The Global Compensation Deed agreement between the Government and white former farmers whose land was expropriated under land reform makes it clear that there will be no compensation for the land itself, but, as laid down in the Zimbabwean Constitution and law, there will be compensation for improvements, biological assets and land clearing costs.
The main sticking point in the negotiations that led to the agreement was not the land compensation issue, the farmers having accepted that this was not on the table, but the actual value of the improvements, with the Government looking initially at a figure of US$1,2 billion and the farmers at US$5,4 billion.
Rather than argue indefinitely, regional independent assessors were brought in to review the valuation.
That in turn led to a Government offer of US$3,5 billion after further talks, which the farmers, after a referendum, accepted.
With the figure now set the financing can start with a joint approach by both Government and farmers to international lenders.
The joint approach, plus the successful talks that led to the agreement, are seen as critical in mobilising the funding with everyone seeing this will signify the end of all legal and financial disputes and close the chapter.
The farmers are not blocked from seeking land compensation, but as part of the agreement have accepted that this would be a totally separate deal, laying no obligations on the Zimbabwean Government and would require independent foreign financing, especially from the former colonial power.
The process to reach an agreement on improvements compensation started in 2017 when the President, in his inauguration speech, pledged to compensate the former farmers in line with the Zimbabwean Constitution and this new approach revived stalled talks between Government and the former farmers.
With both parties now desiring a deal, progress was possible and talks quickly centred on just how much compensation should be paid and how this could subsequently be financed.
The Inter-Ministerial Compensation Committee, that was headed by Vice President Chiwenga, had by February this year come to the Government’s conclusion and so was able to meet the Former Farm Owners’ Compensation Steering Committee (CSC) to “finalise the modalities for agreeing on a global compensation figure and subsequent payment”.
A meeting between the negotiating parties with the World Bank, saw the international lender pledging to offer technical support in developing a compensation roadmap and financial structuring for borrowing for compensation after the roadmap has been developed.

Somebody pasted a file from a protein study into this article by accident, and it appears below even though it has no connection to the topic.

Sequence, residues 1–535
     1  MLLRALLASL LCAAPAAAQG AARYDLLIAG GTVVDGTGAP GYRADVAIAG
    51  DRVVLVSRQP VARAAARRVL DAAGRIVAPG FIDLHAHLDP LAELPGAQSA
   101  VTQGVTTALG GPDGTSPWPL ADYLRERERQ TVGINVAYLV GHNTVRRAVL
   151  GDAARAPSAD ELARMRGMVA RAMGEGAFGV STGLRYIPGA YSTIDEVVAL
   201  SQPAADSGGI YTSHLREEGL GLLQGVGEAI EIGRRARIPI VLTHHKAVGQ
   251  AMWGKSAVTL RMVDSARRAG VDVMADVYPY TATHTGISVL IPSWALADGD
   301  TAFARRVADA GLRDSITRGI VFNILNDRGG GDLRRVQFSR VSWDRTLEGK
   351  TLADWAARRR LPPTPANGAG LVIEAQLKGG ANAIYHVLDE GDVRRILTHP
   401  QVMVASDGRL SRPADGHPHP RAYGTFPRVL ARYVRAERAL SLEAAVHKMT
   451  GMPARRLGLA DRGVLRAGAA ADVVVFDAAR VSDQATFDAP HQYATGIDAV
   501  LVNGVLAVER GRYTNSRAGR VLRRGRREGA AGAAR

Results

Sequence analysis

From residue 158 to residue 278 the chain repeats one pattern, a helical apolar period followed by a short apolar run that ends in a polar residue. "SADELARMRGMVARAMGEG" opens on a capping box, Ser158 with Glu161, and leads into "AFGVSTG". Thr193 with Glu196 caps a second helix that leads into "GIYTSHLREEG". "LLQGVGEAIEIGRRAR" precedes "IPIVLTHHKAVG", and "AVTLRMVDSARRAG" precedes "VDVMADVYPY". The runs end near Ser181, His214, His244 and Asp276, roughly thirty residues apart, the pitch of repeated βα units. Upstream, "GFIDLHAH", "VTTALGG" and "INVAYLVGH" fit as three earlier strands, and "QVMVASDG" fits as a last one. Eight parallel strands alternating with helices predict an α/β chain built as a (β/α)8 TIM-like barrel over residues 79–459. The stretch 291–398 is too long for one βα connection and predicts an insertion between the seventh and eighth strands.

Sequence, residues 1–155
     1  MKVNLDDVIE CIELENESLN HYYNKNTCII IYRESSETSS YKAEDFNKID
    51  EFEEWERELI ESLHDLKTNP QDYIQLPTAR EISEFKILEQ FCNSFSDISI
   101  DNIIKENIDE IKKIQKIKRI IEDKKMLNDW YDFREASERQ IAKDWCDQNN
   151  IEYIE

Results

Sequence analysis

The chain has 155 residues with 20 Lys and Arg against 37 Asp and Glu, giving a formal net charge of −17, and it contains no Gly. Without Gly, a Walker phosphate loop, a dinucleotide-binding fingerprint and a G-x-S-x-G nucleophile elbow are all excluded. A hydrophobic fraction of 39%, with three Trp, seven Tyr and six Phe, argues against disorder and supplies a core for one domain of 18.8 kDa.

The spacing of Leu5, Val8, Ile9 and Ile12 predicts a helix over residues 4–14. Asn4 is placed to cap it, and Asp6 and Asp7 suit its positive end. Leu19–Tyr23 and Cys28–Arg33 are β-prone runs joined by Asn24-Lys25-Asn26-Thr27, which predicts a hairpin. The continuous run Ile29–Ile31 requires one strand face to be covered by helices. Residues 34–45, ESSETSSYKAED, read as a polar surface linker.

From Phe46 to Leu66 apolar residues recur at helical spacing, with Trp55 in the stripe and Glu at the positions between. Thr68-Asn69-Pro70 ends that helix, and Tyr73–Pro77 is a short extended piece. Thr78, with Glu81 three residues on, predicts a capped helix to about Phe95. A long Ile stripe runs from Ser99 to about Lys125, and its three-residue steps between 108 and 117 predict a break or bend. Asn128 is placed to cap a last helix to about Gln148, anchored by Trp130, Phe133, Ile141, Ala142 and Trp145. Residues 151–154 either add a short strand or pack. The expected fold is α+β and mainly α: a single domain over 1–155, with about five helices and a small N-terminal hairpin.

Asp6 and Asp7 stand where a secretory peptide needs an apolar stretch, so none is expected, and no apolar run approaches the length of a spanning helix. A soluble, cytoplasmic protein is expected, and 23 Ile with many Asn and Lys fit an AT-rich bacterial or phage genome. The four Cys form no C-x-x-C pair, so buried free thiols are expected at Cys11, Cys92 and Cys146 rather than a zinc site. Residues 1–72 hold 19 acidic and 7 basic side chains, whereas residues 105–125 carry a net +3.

On May 22 the Minister of Finance and Economic Development told the joint negotiating committee that the roadmap to be developed with the World Bank technical assistance should be developed only after a global compensation figure has been agreed, as this was the critical point.
The white former farmers then voted in a referendum and accepted the US$3,5 billion last offer from Government.
The GCD then was thrashed out and was signed last week by Government, represented by the Ministry of Finance and Economic Development, the Commercial Farmers Union (CFU), the Southern African Commercial Farmers Alliance (SAFCA) and the Valuation Consortium (Private) Limited (Valcon).
SAFCA represented the interests of commercial farmers in Matabeleland while Valcom represented the interests of all farmers who were not members of any union.
According to the agreement, the money will be paid in instalments, with half payable 12 months after signature of the agreement.
The other half will be paid in four annual instalments, each of one eighth of the amount but the whole lot can be paid within 12 months if the money is mobilised by then.
The farmers agreed to join the Government in the joint approach to potential funders; it could not be a solo Government operation.
“As soon as practicable after signature of the agreement, the parties will set up a joint resource mobilisation committee to work together with the Ministry of Finance and Economic Development to raise funds for payment of the global compensation figure,” read the agreement in part.
The governing laws of the agreement are Zimbabwean laws and any dispute that may arise will be resolved in terms of the Arbitration Act of Zimbabwe.
Part of the agreement entailed that the Joint Resources Mobilisation Committee, that comprised representatives from Government as well as the farmers’ representatives, would engage international lenders.
“Government and the white former farmers would establish a Joint Mobilisation Committee to work with the Ministry of Finance and Economic Development for Government to raise funds for compensation of improvements by issuing long dated paper with a tenure of 30 years. If the Joint Resources Mobilisation Committee, however, failed to raise sufficient funds in time, the payment periods for the down payment and the balance of the global compensation figure will be extended by written mutual consent of the parties.
In the event that the white former farmers wanted compensation for land, they should come up with a different and separate draft agreement on land compensation, which would state the type of compensation they needed from Government in order to get international assistance.
“However, the agreement should also clearly absolve Government of any obligation for compensation of land as provided for in the Constitution. Part of the agreement also entails that the white farmers get compensation from outside Zimbabwe including the former colonial power Britain.
“The global compensation figure as agreed by negotiators in the JTCNC is US$3,5 billion. It was estimated according to the principles set out in the Land Acquisition Act and represents a negotiated settlement for compensation of the value of improvements, biological assets and land clearing costs for land, which was compulsorily acquired for resettlement,” read the agreement in part.